The Irish Tongue

SOME TIME ago, John F. Russell wrote to recommend four books about life on the Blasket Islands off the west coast of Ireland. These books by inhabitants of the islands, who numbered only a couple of hundred at the height of their community (they were resettled on the mainland in the early 1950s when fishing and agriculture could no longer support the population), are our sole insight into 19th and early 20th century Irish language traditions in the gaeltacht of western Ireland.

In order to understand the importance of this small but significant treasury of Irish-language literature, one can consult a number of books on how life in the Blaskets gave birth to such a fascinating literary tradition: The Western Island (1943), by Robin Flower, recently published in paperback by Oxford; Letters from the Great Blaskets, by Eibhlis Shuilleabhain, published in 1978 by Mercier Press in Dublin (and available in the U.S.), and Island Home, by George Thomson, published by Brandon Book Publishers in 1988. Both Flower and Thomson supply a context for understanding island life. They also clarify the importance of the oral tradition in Irish literature and the reasons for committing these stories about island life to the page. STEVEN B. ROGERS Mount Rainier

The Book Lover

THE TITLE In Quest of the Perfect Book, by William Dana Orcutt (available from Ayer Publishing Co), suggests a never-ending search and a never-ending story. I found the book in 1983 while browsing though a now defunct bookshop in Washington. The title immediately sparked my bibliophile's curiosity. Indeed, the book contains accounts of Orcott's travels in 19th century Europe seeking specimens from the history of printing and book making.

Orcutt, I learned, was author of many books and an avid bibliophile. His writing warmly and elegantly covers the history of the book from Aldus Manutius to William Morris. Others of his books include The Magic of the Book (also available from Ayer), Master Makers of the Book, The Book in Italy and From My Library Walls (all three unfortunately out of print). All offer a rich, exciting look at a man's love for books. OSWALDO JIMENEZ Alexandria Island in the Sun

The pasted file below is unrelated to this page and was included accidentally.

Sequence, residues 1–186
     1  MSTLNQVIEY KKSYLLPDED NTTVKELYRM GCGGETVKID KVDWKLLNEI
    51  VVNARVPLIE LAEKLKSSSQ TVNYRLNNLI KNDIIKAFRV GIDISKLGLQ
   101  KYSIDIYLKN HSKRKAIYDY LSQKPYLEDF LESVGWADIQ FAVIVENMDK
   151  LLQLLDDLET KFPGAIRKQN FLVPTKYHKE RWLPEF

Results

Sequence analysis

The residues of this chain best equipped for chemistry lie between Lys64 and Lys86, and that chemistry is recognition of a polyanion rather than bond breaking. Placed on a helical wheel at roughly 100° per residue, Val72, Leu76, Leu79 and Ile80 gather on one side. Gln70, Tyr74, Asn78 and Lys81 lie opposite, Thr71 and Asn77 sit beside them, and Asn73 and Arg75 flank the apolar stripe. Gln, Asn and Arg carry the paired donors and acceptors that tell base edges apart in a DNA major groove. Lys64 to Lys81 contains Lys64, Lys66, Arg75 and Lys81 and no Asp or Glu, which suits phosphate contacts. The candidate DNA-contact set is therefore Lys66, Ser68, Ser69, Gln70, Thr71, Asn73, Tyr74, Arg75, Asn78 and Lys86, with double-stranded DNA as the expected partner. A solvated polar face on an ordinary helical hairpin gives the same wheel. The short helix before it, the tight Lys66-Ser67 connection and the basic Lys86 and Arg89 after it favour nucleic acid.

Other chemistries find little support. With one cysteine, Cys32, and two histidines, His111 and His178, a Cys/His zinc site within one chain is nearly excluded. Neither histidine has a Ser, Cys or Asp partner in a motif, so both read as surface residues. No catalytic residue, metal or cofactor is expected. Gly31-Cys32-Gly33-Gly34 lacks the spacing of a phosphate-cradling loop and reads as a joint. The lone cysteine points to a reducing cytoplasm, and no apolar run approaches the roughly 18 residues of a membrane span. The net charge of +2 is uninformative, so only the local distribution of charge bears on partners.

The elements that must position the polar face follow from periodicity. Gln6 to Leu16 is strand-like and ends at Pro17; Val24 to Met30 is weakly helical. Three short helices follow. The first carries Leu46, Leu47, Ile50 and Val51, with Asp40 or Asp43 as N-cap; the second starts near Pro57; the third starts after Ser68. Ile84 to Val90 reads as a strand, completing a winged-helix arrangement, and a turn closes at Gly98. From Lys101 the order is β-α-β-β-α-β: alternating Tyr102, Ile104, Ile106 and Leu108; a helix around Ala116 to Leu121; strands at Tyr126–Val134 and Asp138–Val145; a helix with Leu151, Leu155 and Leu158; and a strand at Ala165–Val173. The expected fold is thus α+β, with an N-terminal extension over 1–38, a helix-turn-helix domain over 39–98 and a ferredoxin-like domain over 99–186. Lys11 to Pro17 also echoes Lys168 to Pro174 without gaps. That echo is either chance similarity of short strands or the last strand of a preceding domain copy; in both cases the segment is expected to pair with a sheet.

BECAUSE OF my father's unforeseen move to Haiti, I became a student of Haitian culture. To my surprise I discovered a rich and fascinating body of literature about the country. The first of the two books I recommend is The Comedians by Graham Greenea, available from Penguin. No other book on Haiti conveys the feelings of helplessness and meaninglessness as powerfully as this one. An accurate description of Haitian society under the Duvalier regime, it is a must for anyone interested in Haiti's cycle of misery. It is also a must for anyone preoccupied with human nature, because it is a great piece of literature.

The second book is The Magic Island, by William Seabrook (available from Paragon House), a reporter for the New York Times. The action develops just after the landing of U.S. troops in 1915. Although Seabrook is interested in Haiti's mosaic of religions and cults, particularly voodoo, they become only an excuse to understand and celebrate the Haitian mind. I love the way the book begins: "Here are deep waters, not easily to be dismissed by crying blasphemy." LAURA GIL Washington

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